It only took less than three weeks without rain and unusually warm temperatures for the Norwegian capital to suddenly face a looming shortage of drinking water. Oslo city officials imposed a ban Monday on watering lawns and gardens and all use of garden hoses, after a weekend when demand for water far exceeded supplies.
“Because of much too much consumption of water, the city must impose a ban on watering and use of garden hoses,” reads the text message sent out to Oslo city residents just before noon on Monday.
Use of watering cans was still allowed, and would likely be impossible to enforce if a ban on that were to be enforced. It’s also questionable how the city can enforce the new ban on using hoses or sprinklers, but they would be more visible.
“We have to do this so that we don’t run out of drinking water,” the official message from the city continued, adding that the ban on watering applies to all those connected to the City of Oslo’s water supply. Those with their own wells are exempt.
Restrictions elsewhere, too
Several other municipalities around Oslo have already imposed water restrictions, including the town of Eidsvoll. It’s ironic, after a winter with so much snow that officials were worrying just months ago about what to do with all the water when the snow and ice melted. Some flooding has occurred, and the river running through Eidsvoll itself remains swollen and well over its banks in some areas.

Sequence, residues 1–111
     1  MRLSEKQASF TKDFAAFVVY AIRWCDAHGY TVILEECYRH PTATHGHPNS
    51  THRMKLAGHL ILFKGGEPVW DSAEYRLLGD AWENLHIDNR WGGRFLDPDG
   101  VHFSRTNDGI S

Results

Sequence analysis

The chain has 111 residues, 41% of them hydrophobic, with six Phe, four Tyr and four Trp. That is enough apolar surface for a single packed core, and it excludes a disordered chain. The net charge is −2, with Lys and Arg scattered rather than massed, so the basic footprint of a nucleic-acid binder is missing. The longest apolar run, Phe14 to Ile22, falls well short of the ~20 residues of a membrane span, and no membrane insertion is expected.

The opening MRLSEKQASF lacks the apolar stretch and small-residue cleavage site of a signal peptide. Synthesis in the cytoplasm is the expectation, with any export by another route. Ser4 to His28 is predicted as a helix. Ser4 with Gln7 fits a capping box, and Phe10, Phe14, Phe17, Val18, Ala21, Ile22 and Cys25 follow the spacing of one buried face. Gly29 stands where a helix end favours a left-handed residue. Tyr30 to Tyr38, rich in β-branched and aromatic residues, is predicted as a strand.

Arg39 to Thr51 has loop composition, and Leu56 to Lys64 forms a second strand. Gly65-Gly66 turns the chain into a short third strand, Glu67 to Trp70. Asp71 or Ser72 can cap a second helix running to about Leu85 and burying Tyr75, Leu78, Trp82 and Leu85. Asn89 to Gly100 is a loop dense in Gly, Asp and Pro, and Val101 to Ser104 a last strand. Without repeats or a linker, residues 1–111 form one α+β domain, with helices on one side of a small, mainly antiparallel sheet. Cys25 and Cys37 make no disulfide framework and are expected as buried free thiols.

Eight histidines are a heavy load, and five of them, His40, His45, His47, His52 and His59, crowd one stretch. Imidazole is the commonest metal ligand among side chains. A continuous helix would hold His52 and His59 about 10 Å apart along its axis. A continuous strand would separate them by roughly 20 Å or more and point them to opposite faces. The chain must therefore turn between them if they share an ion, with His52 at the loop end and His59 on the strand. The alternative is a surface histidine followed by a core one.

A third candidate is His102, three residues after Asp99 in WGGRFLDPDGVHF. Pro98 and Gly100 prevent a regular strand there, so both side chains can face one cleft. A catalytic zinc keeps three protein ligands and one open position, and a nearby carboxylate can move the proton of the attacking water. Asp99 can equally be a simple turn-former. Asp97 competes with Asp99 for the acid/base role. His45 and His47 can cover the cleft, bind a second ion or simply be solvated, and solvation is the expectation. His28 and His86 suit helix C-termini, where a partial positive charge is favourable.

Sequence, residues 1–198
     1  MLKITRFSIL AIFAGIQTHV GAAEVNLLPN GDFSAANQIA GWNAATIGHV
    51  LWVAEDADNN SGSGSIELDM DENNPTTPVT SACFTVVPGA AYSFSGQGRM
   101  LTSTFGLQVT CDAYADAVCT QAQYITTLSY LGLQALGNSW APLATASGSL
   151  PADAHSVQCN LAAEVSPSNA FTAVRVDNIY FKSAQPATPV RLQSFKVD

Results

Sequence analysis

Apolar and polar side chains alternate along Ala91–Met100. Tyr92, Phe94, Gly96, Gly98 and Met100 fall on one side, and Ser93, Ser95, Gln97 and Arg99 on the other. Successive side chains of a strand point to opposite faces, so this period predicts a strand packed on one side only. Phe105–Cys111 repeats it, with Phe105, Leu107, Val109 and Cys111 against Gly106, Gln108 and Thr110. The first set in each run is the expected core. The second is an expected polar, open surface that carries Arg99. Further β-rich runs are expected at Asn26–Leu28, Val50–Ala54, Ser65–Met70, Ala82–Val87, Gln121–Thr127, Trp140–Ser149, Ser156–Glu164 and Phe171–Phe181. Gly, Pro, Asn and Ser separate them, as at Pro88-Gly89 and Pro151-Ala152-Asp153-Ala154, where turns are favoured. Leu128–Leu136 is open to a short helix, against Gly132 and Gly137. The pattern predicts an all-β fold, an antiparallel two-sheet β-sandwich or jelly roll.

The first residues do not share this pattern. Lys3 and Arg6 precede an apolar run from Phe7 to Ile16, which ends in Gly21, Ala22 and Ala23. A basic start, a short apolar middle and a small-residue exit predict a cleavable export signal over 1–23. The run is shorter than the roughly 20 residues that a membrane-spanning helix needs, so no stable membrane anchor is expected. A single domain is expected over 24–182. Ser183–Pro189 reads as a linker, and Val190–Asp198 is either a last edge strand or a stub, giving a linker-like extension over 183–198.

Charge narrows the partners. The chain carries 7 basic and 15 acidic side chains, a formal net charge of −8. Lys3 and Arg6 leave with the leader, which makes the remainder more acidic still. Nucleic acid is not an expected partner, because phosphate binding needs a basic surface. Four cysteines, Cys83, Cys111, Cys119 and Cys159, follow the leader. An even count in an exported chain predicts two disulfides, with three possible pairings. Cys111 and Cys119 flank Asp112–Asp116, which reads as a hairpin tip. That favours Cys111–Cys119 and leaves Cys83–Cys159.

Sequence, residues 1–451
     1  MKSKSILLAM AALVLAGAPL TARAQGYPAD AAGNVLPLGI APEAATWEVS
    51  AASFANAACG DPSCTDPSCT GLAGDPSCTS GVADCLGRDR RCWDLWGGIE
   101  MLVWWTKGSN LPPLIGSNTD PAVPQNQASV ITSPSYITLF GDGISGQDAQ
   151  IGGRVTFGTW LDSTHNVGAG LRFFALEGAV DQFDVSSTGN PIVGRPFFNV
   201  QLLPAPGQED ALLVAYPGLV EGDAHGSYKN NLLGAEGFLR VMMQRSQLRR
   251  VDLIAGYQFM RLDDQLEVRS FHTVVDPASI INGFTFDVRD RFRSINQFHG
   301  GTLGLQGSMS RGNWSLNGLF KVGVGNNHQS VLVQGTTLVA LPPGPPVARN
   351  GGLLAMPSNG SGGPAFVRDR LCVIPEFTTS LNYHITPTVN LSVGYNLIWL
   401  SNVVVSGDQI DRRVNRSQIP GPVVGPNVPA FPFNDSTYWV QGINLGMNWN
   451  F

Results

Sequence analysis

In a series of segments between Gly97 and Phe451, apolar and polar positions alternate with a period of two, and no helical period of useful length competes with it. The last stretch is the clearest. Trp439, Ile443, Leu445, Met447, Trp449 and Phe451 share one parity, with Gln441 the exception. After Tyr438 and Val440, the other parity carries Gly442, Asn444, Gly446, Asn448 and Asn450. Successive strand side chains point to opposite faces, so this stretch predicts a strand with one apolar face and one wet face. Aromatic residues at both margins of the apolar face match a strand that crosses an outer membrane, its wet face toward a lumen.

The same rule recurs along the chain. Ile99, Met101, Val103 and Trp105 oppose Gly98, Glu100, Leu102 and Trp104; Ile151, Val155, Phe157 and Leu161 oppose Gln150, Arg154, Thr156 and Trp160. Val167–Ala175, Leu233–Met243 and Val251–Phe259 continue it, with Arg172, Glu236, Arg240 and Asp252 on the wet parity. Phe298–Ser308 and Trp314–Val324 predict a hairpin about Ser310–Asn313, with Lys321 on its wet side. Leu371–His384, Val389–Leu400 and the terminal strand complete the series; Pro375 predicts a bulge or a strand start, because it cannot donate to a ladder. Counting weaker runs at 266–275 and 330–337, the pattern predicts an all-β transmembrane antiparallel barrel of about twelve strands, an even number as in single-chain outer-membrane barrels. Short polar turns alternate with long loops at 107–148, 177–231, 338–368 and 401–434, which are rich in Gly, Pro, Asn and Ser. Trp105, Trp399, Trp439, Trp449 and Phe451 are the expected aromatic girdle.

Yet a drought suddenly looms, mostly because Norway is generally unprepared for lengthy periods of hot weather like that which descended on the southern part of the country earlier this month. Fully 90 percent of Oslo residents get their drinking water from the large lake north of the city called Maridalsvannet, which is fed by creeks and other lakes running into it from farther north in the forested hills of Nordmarka.
The water from Maridalsvannet is piped to a main water treatment plant that in turn sends it out to other facilities, but they haven’t been producing and distributing water quickly enough to meet demand. Newspaper Aftenposten reported during the weekend that problems were already surfacing in the Oslo neighbourhoods of Ekeberg, Bekkelaget and Korsvoll, where residents experienced low water pressure.
Trond Ottersen, communications chief for Oslo’s water and sewer department, said that no areas were without water during the weekend. He said department officials described the problem as being tied to delivery when demand was so high in the hot and dry weather.
After decades of planning, the City of Oslo has launched a major project to supply Oslo with another source of drinking water from the Holsfjord, an arm of the Tyrifjord west of the city. It’s not due to be completed, however, until 2028.